There's very little in this life you can hang your hat on, aside from trying to personally do your best to make this world a better place.

And the person I knew who did the best job at that did so out of religious inspiration, so what do you do with that ?

The harm that religion did through the years - sure enough, that's a big idea. But there were plenty of places that had no religion either, and some of them were pretty crappy too.


Really? I don't think there is anywhere on earth that is devoid of the effects of some form of religion. Where would that be?

There may be some who do good out of faith, but denying reality does no one any good. Sadly, these individuals are so few and far between that it does little to offset the totals at the bottom of the balance sheet.


From: Urban prairie. | Registered: Sep 2001  |  IP: Logged
Michael Hardner
rabble-rouser
Babbler # 2595

posted 06 May 2008 03:39 PM      Profile for Michael Hardner   Author's Homepage     Send New Private Message      Edit/Delete Post  Reply With Quote 
TB,
quote:
That's just a little too pat. Everybody who does something violent in the name of religion is a hypocrite, or they'd do it anyway? Bullshit. James Charles Kopp murdered Dr. Barnett Slepian because of, not in spite of, religion. The Spanish Inquisition was religious in nature. These were people of FAITH, not hypocrites. In their minds, the defence of faith and morality was at stake -- God meant for them to do these horrible things.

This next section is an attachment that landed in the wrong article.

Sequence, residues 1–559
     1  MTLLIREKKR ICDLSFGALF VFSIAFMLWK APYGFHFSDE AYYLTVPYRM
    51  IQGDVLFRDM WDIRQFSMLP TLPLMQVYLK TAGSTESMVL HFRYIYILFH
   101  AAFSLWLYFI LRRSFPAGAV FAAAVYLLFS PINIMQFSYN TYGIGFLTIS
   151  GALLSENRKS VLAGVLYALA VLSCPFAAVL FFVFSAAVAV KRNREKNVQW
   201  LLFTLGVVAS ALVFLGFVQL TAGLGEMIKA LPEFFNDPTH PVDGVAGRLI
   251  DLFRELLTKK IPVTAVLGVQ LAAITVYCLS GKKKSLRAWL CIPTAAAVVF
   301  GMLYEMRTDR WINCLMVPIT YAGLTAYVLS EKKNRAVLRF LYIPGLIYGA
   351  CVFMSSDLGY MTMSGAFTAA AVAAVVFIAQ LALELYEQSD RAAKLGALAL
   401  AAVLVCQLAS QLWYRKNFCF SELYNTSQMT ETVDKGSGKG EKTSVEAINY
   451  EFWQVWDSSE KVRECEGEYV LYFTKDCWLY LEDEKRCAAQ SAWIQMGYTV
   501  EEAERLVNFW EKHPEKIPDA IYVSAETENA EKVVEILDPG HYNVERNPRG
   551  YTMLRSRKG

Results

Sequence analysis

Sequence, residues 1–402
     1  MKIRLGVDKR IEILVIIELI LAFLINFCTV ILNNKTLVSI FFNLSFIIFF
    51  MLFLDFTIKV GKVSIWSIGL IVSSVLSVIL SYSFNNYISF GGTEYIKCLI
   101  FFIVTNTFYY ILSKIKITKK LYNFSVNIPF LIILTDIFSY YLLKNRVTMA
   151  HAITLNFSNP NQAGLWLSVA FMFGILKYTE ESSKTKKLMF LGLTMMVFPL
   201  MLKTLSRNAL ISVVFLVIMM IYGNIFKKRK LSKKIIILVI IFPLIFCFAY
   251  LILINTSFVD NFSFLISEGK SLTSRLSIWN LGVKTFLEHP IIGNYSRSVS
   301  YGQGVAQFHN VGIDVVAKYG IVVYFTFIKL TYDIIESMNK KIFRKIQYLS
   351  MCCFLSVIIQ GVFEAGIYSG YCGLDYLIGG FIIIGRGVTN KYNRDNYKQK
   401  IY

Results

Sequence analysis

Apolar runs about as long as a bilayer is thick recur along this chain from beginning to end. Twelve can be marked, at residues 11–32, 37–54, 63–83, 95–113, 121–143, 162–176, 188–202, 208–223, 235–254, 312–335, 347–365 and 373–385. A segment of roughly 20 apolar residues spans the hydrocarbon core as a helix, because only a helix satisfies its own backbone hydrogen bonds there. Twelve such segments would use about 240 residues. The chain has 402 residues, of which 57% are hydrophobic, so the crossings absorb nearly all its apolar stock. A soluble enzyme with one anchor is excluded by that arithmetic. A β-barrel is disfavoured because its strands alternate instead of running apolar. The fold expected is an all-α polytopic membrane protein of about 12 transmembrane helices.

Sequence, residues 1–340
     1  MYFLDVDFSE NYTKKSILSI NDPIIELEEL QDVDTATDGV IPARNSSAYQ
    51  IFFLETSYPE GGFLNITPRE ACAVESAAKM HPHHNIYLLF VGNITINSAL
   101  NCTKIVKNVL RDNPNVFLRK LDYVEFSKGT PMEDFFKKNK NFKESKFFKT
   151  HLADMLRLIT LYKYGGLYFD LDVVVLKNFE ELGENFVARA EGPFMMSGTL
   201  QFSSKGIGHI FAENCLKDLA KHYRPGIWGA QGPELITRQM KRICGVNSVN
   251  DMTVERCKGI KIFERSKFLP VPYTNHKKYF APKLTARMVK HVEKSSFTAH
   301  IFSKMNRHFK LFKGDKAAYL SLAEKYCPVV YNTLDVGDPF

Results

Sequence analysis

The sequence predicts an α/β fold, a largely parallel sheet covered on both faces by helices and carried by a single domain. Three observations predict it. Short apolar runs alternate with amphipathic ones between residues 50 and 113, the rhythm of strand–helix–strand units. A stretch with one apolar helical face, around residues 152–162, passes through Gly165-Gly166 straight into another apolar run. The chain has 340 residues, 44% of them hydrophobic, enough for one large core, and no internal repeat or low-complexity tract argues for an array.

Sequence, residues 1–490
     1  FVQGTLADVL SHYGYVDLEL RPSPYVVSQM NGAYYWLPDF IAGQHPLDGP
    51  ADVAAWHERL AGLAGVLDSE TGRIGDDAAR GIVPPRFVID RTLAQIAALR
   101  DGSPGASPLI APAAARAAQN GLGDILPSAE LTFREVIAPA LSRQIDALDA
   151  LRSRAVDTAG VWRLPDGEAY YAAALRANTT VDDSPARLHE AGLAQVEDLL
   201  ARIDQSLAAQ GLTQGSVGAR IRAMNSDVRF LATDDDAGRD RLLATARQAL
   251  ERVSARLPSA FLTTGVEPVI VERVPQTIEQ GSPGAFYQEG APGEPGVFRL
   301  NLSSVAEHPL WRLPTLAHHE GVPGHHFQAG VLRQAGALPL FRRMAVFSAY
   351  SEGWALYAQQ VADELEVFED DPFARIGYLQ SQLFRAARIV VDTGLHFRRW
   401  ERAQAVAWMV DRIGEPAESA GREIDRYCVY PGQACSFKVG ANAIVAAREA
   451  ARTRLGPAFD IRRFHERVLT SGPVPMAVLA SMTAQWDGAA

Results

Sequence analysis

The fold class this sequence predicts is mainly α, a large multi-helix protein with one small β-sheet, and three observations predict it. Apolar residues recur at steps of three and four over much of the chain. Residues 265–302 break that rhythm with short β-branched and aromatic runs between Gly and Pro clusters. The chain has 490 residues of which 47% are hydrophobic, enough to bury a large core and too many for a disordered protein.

Those are good examples, but still examples of people who misunderstood their faith.

I will say that they weren't hypocrites, but people who killed for what they believed to be a good cause.

But again, there are plenty of good causes worth killing for and religion is just one of those...

quote:

Sure, there's the odd person who does "the right thing" out of faith... I mean, the people who ran the residential schools only did it for the well-being of their charges... I'm sure they meant well, too.

You can't POSSIBLY quantify how many people we're taking about.

quote:

These things were not done under the "guise" of religion. They were religiously motivated.

Funny thing, this manifestation of evil is so much more common when some god or other rubber-stamps it by providing some ancient and moral writing to back it up.


Just because something is old, doesn't mean it's bad. If it was, then the Pythagorean theorem would be useless now.

quote:


quote: I think that all faith should be questioned, but I don't agree that one's world view needs to be tied to materialism, or physics.